A ureterocele is a problem with a ureter. The ureters are 2 tubes that send urine from the kidneys to the bladder. A ureterocele is when part of a ureter right near the bladder becomes larger and bulges. This happens because the ureter’s opening into the bladder is too small and blocks urine flow. This causes urine to back up in the ureter. The ureter then swells with too much urine.
Children who have a ureterocele may also have ureteral duplication. This means having 2 ureters for each kidney instead of 1 ureter for each kidney. Each ureter drains into the bladder. The ureter with the ureterocele usually drains urine from the top half of the kidney. The duplicate ureter may drain the lower half. The ureter with the ureterocele may enter the bladder lower than the duplicate ureter. This may cause a backflow of urine into the higher ureter.
These conditions often don't cause symptoms. But in some children they may lead to repeat urinary tract infections (UTIs). UTIs can cause symptoms.
UTI symptoms in babies can include:
UTI symptoms in children can include:
The symptoms can seem like other health conditions. Make sure your child sees his or her healthcare provider for a diagnosis.
A ureterocele may be first seen on a prenatal ultrasound, while the baby is still in the uterus. In some cases, it may not be found until the child has repeat UTIs. Then your child may have tests such as:
When a ureterocele and ureteral duplication are diagnosed, your child's healthcare provider will likely order a kidney (renal) scan. This is done to see how well the kidney is working.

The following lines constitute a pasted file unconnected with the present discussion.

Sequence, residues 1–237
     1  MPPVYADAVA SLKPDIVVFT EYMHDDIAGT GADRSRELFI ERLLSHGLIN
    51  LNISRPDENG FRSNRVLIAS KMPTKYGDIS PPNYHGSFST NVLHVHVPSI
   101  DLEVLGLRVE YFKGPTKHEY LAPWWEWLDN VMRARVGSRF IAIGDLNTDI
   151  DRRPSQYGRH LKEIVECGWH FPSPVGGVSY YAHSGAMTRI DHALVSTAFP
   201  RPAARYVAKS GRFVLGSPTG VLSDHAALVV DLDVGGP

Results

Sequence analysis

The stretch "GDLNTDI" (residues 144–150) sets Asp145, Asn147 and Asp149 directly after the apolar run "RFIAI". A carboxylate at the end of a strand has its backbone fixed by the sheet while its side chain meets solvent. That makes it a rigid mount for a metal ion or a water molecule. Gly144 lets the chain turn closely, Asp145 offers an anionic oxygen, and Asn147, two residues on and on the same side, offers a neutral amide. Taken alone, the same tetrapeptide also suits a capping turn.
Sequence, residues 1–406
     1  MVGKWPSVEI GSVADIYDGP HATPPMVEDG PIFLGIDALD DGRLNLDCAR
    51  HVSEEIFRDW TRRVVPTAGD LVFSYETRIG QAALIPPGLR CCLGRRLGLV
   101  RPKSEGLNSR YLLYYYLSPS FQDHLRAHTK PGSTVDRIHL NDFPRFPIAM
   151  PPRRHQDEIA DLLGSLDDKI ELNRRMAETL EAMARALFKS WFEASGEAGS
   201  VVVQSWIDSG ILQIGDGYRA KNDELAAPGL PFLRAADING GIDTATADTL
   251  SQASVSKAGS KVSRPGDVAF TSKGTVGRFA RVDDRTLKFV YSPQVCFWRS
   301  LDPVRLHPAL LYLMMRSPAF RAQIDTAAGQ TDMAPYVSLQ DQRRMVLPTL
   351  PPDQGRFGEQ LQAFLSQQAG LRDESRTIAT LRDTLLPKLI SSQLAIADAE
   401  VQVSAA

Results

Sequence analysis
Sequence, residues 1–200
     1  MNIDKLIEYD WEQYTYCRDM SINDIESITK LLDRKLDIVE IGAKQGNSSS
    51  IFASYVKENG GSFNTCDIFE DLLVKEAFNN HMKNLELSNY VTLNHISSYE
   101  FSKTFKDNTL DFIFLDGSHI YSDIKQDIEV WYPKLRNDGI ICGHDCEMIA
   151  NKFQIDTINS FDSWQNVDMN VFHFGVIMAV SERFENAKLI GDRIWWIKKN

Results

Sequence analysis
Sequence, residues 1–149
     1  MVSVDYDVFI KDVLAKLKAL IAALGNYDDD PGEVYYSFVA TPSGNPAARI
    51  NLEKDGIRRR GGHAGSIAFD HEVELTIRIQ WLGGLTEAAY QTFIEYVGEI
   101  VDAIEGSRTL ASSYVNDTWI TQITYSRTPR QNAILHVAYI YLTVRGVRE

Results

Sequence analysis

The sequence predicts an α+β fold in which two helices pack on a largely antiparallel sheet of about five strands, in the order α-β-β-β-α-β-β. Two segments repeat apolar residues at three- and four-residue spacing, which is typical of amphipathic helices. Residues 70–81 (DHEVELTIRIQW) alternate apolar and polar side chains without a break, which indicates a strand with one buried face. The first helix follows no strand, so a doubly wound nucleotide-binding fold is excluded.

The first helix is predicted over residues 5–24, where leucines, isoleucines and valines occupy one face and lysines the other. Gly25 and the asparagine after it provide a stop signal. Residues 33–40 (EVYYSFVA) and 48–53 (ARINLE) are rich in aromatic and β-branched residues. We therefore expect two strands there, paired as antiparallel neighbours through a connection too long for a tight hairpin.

Treatment will depend on your child’s symptoms, age, and general health. It will also depend on how severe the condition is. Your child may be referred to a urologist. This is a doctor who treats the urinary tract and the male genital tract.
First, a UTI may be treated with IV (intravenous) fluids and antibiotic medicines. Once the infection is gone, the ureterocele will be treated.
Treatment of the ureterocele often depends on how much the ureter is blocked. It also depends on how well the affected kidney is draining. A small ureterocele may not need treatment if the kidney is working well enough.
In other cases, a child may need surgery. If the area of the ureter has a lot of urine buildup, it may need to be drained with surgery. Larger ureteroceles that cause a lot of urine backflow (reflux) into the kidney may need to be removed or repaired with surgery. In some children, the kidney of the affected side may be damaged. The surgeon may need to remove part of that kidney.
Talk with your child’s healthcare providers about the risks, benefits, and possible side effects of all treatments.
Call the healthcare provider if your child has:
Tips to help you get the most from a visit to your child’s healthcare provider:
The University of Chicago Medicine
5841 S. Maryland Avenue
Chicago, IL 60637 | 773-702-1000
Appointments: Call UCM Connect at 1-888-824-0200